Apple Tops Google in an Unexpected Way
Just last week we were reminded that Google's (NASDAQ: GOOG) strategy for smartphones – which includes licensing its mobile OS, Android, to everyone who wants it – is still very effective. The company is beating Apple (NASDAQ: AAPL) by commanding nearly 47% of the market. While Apple is hugely successful in a multitude of areas, it currently holds just 28.7% of the smartphone market.
That's right, when consumers decide to surf the Web while on the go, they choose to use an iOS device. This, according to NetMarketShare, has allowed Apple to score as much as 61% of the mobile browsing market in October 2011 (up from 46.56% in February). Apple dropped somewhat in November and December but still managed to close the year with 52% of the mobile browsing market.
As TechCrunch points out, this battle might not be a fair one considering the fact that nearly half of the iOS browsers are using an iPad. But that implies that consumers can't find an Android-equipped tablet. On the contrary, there are just two iOS-equipped tablets available: the iPad 1 and iPad 2. Meanwhile, there are dozens of tablets that use Android. Consumers have simply elected not to buy them.
But that's not the only detail worth noting. Google's share of mobile browsing is just 16.29%. This means if you take away the iPad (as well as the iPod Touch), the iPhone would still enable iOS to come out on top.
How is this possible when Android commands nearly half of the entire smartphone market?
Let's look at the very first iOS devices: the original iPhone and the original iPod Touch. Both were brilliant Web-surfing creations. Consumers bought into these items after being wowed by a couple of clever commercials that demonstrated the true potential of mobile browsing. For most consumers, it was a fresh concept they never saw coming. For me, it was the device I had been waiting years to obtain – a pocket-sized beauty that would allow me to surf the Web from virtually any location.
Knowing the power of surfing (and how much time it can kill), consumers instantly recognized the value in being able to explore the Web while waiting at the airport, while riding the bus to school or work, or during any other mundane task that life throws our way. In essence, Apple had brought us a handheld revolution.
Android's debut was a bit different. Were there any innovative commercials to accompany the launch of the OS? No. Instead, Google chose to promote the mobile OS with a series of TV ads promoting a campaign that claimed “Droid Does” this or “Droid Does” that. While these ads clearly caught the attention of some consumers, they were a far cry from the innovation-filled commercials from Apple.
Further, Android sells a cornucopia of handsets that cannot support full Web browsing. This is great for Sprint (NYSE: S), Verizon (NYSE: VZ) and even AT&T (NYSE: T) customers who don't want to spend $80+ on their monthly phone bill. But it means that hundreds of thousands – if not millions – of Android customers are walking around with cheap phones that can't load more than the most basic (mobile) version of a particular Web page.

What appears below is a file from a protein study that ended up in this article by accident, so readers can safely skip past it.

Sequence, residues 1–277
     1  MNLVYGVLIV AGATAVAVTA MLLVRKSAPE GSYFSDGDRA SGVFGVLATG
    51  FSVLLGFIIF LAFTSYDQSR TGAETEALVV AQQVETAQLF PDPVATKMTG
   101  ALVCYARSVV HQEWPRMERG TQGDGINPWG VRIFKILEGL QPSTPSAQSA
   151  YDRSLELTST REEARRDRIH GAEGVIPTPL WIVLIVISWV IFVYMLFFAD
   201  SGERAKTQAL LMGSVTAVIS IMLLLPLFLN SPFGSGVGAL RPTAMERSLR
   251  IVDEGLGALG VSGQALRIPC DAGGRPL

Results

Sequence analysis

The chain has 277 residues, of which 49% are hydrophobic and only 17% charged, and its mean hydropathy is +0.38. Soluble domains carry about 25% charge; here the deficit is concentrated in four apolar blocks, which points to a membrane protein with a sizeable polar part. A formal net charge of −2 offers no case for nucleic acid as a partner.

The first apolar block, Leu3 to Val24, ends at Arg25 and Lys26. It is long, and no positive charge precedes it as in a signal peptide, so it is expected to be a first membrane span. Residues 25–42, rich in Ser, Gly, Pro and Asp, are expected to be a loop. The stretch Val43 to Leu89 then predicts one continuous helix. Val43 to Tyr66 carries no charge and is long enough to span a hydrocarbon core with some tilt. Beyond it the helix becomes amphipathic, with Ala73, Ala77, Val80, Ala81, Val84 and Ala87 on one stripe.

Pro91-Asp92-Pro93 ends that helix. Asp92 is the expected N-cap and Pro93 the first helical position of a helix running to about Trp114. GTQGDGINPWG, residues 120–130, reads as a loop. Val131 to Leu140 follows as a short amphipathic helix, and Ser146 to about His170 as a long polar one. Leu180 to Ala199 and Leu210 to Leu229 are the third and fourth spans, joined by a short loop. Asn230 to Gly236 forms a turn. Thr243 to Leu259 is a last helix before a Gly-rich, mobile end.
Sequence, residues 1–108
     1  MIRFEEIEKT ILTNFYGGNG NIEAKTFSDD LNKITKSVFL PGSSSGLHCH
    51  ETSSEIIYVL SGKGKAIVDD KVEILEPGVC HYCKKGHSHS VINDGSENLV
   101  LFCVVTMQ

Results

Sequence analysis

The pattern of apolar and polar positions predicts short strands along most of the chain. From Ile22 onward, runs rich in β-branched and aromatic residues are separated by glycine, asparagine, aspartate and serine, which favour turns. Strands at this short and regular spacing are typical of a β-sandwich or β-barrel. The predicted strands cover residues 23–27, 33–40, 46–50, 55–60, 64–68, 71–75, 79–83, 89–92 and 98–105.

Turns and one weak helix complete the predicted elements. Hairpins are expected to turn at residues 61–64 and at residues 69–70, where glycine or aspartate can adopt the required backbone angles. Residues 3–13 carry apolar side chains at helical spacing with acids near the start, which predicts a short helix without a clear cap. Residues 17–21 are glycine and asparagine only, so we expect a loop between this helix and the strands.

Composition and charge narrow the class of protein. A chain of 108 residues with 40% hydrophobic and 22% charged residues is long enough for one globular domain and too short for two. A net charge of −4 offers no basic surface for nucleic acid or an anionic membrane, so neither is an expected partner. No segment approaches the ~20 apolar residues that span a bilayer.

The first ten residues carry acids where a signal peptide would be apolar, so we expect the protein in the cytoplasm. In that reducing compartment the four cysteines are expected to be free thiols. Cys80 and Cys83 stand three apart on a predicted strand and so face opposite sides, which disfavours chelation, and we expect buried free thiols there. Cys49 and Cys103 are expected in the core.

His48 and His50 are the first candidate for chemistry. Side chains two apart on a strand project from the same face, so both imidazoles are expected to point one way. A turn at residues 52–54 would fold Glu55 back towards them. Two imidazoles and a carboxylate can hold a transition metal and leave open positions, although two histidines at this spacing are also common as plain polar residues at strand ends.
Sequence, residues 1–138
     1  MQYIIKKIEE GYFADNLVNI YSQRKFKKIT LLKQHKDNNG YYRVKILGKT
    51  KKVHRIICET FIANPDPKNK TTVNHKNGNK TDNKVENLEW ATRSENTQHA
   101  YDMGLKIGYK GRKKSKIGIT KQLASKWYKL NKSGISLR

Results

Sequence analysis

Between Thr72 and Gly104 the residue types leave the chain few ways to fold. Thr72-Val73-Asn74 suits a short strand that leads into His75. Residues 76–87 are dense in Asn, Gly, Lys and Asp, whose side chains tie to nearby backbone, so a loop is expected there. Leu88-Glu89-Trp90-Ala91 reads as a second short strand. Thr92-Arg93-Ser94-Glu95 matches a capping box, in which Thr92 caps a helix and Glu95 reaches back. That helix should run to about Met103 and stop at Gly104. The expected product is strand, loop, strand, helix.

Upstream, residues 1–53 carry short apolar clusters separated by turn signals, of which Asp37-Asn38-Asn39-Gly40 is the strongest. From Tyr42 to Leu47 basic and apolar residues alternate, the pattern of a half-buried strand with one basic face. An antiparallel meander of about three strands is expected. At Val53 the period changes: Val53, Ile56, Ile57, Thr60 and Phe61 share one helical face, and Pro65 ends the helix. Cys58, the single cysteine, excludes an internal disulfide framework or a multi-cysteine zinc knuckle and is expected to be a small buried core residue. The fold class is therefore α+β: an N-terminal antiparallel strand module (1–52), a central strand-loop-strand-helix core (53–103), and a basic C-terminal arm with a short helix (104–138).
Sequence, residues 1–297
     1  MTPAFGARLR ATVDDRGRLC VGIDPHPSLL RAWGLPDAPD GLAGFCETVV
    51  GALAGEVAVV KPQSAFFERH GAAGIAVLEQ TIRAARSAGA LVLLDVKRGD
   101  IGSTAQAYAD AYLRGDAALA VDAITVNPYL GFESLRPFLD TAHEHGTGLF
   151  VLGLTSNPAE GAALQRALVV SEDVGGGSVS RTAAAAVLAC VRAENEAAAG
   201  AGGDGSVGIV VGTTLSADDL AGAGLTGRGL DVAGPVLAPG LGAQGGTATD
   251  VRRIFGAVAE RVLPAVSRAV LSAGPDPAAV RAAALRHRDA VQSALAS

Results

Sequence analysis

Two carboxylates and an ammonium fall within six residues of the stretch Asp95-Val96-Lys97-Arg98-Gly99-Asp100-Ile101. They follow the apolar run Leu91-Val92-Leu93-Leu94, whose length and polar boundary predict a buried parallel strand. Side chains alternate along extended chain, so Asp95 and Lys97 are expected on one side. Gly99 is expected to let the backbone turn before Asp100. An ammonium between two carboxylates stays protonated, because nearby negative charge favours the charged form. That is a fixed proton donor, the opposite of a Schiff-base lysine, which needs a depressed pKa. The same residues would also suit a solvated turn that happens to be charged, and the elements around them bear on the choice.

As someone who has experienced this nonsense firsthand using the LG Rumor Touch, I can tell you that it is anything but a fun or intuitive Web browsing experience. In fact, it barely feels like an “experience” at all. That's why people who use these phones can get a so-called unlimited data plan at a reasonable price: first because the bandwidth demands are greatly limited by the phone's weak capabilities, and second because mobile carriers know consumers won't actually want to use this feature. Thus, Sprint and co. will happily give customers a cheap data plan. When it comes to iOS, however, cellular carries know that consumers will want to surf the Web, so they charge a lot more.
AT&T and Verizon have gotten away with their ridiculous monthly fees because they know that consumers would have a hard time walking away from the mobile Web (or e-mail, for that matter). Have you ever tried to send an e-mail using a cheap Android phone? It is a sluggish nightmare. My iPod Touch is more than four years old and it still trumps all but the most expensive Android phones.
With all of that in mind, it actually isn't that surprising to learn that Apple leads the pack of Web browsing.
But no matter who comes out on top, Google still wins. When we want to search for something, we still go to Google's search engine. And on the Windows/Mac OS side of the spectrum, more and more consumers are choosing Chrome over Firefox. Thus, the Android maker can sit back and allow Apple to maintain its lead in Web browsing – just as long as Google is the site consumers most frequently visit.
Traders who think that Apple will maintain the top spot in mobile browsing should:
- Look to companies that are benefitting from Apple's continued success, such as AT&T and ZAGG (NASDAQ: ZAGG).
- Consider corporations (like Google) that have websites that will do well regardless of who leads mobile browsing.
Traders who believe that Apple's dominance is a problem should:
- Wonder what Android users are doing if they aren't surfing the Web. With more than 10 billion Android apps sold, Glu Mobile (NASDAQ: GLUU) could be worth a look.
- Remember that you can't short Microsoft (NASDAQ: MSFT) on its lousy Web browser alone. But it's worth noting that while consumers seek out and intentionally use Chrome and Firefox, people only come to Internet Explorer because it's built-in to Windows.
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